Who’s Bending to Who? … Michael asks whether collaboration applications bend to the will of the users, or the other way around. “What the IBM survey data really suggests is that there is still a high level of frustration when it comes to making enterprise applications bend to the needs of the business. Far too often, business users have to bend to the way enterprise software works. At the end of the day, that only serves to stifle business process innovation because, right now, it’s still too hard to get the software to execute the business process just the way you want it. So are we really making any progress when it comes to collaboration, or are we just spinning our collective wheels?” More
Ribbon in SharePoint 2010 … Peter comments on some of the upcoming changes in SharePoint 2010. “SharePoint gets that spit shine in its upcoming new version. SharePoint 2010, now in beta, is a tremendous improvement in all respects. It’s slick, sporting a new interface that pulls in the ribbon UI that has become a staple of the Office suite in Office 2010, and it’s snappy, responding quicker than ever to design or administrative needs. It also logs solid improvements in the areas of central administration and site development.” More
Justifying Governance … Brien offers some suggestions about how to quantify the benefit of a SharePoint governance plan: regulatory compliance, legal protection, and fewer help desk calls, among others. “In a lot of ways, the justification for a governance document is a lot like the justification behind implementing SharePoint in the first place. If your organization is using SharePoint, you must have had some good reasons for employing it. If those rationales worked before, they will probably work now. Maybe your organization needed a good content management tool, or maybe it needed individual departments to be able to create websites on the fly. Whatever the reason, somebody used it as a justification for implementing SharePoint. You may be able to use similar reasoning to justify your SharePoint governance document.” More
Collaboration Demonstration … CubeTree is providing a collaboration environment for attendees at the SAP for Utilities conference. “UtilityCollaboration is divided into several topic groups, some of which will follow the subject matter at the conference. Through this technology, conference attendees will have real-time access to presentations, videos and special blog posts, wikis, chat, search, document sharing, links, tweets, polls, feeds and featured articles. Another set of topic groups will also be released, which will allow utility companies to collaborate freely on specific topics during the conference and beyond. Here, members will share experiences, develop best practices and work on common industry issues.” More
Co-Working for Collaboration … Co-working offers collaboration benefits. “The creative, knowledge economy thrives when cross-fertilization of ideas happens. Sharing a water cooler or coffee pot with people who have different backgrounds, jobs, and ways of thinking may spark new ideas and original solutions to problems. This is precisely what happens when groups of self-employed individuals and micro-sized businesses comprised of only a handful of people share office space or “co-work.”” More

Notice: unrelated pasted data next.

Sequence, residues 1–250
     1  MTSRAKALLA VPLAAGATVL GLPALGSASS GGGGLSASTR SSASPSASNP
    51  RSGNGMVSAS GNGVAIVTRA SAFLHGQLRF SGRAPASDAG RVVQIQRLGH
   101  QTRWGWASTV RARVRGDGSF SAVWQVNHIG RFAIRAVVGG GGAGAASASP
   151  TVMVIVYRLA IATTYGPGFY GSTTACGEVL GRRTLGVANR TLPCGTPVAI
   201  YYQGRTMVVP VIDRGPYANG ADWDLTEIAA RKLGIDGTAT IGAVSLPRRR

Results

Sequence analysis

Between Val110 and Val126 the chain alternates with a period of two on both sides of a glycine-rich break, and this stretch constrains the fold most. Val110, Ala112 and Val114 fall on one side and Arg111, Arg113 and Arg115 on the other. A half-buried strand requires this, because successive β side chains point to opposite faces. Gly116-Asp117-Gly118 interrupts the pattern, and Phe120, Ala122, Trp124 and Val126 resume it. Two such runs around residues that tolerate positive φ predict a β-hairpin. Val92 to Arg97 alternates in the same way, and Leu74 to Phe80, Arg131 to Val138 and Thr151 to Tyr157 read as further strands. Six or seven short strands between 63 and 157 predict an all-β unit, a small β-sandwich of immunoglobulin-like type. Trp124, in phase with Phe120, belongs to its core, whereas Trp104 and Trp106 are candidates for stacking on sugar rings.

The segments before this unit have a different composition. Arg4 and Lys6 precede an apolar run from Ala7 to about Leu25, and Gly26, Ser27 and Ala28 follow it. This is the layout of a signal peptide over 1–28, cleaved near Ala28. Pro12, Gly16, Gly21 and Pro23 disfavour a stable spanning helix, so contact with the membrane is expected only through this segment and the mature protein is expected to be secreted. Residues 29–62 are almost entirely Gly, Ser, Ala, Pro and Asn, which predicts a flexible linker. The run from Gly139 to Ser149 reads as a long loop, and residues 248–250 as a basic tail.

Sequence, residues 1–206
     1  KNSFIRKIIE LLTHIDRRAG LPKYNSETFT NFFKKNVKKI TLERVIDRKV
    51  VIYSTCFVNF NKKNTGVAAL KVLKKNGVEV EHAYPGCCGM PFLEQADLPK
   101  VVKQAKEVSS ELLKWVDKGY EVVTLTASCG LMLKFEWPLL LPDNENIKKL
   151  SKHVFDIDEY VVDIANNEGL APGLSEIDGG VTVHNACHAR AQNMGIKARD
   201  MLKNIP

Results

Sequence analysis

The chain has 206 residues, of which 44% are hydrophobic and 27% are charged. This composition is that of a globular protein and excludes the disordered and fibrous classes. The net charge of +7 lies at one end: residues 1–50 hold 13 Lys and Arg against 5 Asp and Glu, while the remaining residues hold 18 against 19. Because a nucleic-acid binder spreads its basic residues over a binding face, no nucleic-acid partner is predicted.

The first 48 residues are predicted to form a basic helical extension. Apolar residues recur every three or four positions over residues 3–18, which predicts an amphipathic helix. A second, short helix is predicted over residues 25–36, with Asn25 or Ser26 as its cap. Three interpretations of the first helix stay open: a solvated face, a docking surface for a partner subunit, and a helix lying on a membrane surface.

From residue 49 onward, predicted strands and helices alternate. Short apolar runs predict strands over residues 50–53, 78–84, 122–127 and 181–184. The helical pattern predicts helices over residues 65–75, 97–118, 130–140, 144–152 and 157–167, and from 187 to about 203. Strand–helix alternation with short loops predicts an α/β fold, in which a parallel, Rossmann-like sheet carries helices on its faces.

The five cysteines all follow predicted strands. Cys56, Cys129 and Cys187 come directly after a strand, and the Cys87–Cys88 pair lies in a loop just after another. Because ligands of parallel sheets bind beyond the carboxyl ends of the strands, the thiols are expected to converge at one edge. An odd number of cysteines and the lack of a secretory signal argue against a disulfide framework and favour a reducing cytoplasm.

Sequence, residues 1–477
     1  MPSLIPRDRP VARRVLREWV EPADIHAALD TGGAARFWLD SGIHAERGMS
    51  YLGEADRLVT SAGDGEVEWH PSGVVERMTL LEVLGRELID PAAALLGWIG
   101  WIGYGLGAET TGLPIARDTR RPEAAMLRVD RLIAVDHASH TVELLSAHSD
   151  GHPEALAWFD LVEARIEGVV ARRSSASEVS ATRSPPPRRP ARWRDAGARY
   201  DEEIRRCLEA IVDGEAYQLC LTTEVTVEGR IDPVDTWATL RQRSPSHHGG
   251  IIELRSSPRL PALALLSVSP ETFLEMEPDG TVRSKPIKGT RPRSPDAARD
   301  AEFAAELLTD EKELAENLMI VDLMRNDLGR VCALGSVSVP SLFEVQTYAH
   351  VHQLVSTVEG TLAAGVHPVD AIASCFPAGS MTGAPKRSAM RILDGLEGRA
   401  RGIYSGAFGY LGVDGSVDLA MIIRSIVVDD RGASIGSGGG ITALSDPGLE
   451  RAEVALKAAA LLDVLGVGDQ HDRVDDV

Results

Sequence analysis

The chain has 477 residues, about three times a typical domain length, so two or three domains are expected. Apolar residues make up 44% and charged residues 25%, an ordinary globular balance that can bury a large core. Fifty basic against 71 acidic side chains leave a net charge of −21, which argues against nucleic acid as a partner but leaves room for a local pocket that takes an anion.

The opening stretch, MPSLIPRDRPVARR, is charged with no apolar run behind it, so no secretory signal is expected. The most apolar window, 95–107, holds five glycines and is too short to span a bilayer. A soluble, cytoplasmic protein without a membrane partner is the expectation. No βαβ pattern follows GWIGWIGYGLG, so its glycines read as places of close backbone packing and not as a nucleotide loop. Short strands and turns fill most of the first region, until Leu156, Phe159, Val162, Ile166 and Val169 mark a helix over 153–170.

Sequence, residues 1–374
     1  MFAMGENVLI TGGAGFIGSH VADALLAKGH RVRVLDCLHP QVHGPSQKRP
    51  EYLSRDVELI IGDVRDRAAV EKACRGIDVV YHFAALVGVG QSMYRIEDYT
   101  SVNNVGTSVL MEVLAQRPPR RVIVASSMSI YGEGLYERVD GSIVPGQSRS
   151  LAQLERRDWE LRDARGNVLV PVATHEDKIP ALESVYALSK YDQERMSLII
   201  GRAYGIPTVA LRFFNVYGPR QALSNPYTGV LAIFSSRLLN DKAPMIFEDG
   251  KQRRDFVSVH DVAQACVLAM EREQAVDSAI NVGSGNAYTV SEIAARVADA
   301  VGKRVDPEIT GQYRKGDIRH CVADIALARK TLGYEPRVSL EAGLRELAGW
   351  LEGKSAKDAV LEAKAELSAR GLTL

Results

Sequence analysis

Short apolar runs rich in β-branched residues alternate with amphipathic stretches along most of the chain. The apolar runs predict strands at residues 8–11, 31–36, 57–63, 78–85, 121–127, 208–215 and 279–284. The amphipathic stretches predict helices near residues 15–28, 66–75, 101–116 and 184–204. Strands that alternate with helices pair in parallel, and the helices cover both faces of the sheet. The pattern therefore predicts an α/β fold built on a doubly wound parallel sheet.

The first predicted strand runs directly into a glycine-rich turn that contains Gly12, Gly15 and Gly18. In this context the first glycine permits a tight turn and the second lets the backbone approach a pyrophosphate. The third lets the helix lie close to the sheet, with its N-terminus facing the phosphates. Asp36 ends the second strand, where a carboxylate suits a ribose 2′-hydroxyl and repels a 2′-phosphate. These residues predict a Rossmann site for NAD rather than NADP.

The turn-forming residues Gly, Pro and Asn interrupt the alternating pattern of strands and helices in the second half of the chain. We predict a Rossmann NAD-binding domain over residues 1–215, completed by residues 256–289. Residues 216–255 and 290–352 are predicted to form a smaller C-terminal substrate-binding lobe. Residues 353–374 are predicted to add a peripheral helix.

Cisco’s Collaboration Strategy … A review of the philosophy underlying Cisco’s internal collaboration strategy. “Cisco’s betting big on collaboration that draws manager input from all levels as the main driver for its strategy to grab new markets. And it’s taking a decentralized, rather than top-down, tack. The approach is stirring a sharp upturn in executive productivity and creativity. This hints that other firms may gain by following Cisco.” More
– It’s driven from the top … John, the CEO.
– New executive boards make group decisions about Cisco’s strategic direction.
– Cisco is able to make quicker, more informed decisions this way.
– Cisco promotes the internal use of web technologies to support collaboration.
Collaboration ROI … Bob offers some ideas about demonstrating the value of collaboration tools, and cites some examples. “Clearly, the benefits of collaboration can be difficult to measure. For example, how do you assign a value to something like the increased productivity that results from more effective sharing of knowledge among employees? Or how do you know how much the company has gained from ideas generated by customers? One easy answer is: You don’t need to measure these things. Just put the technology in place that enables better collaboration and you’ll reap benefits in ways that don’t need to be measured. Take a leap of faith and assume that any technology that fosters better communication and knowledge sharing in the organization will ultimately prove to be well worth the cost. But in case that doesn’t fly with the finance people, there are more orthodox ways to measure and demonstrate the benefits of collaboration tools.” More
– Oscar points to an exploration of the benefits of online social networks to organizations.
– Part 2 of the story about JohnsonDiversey migrating from Notes to Google Apps.
– A review of Android, the Google smartphone operating system.
– Docova is a document collaboration system for Lotus Domino.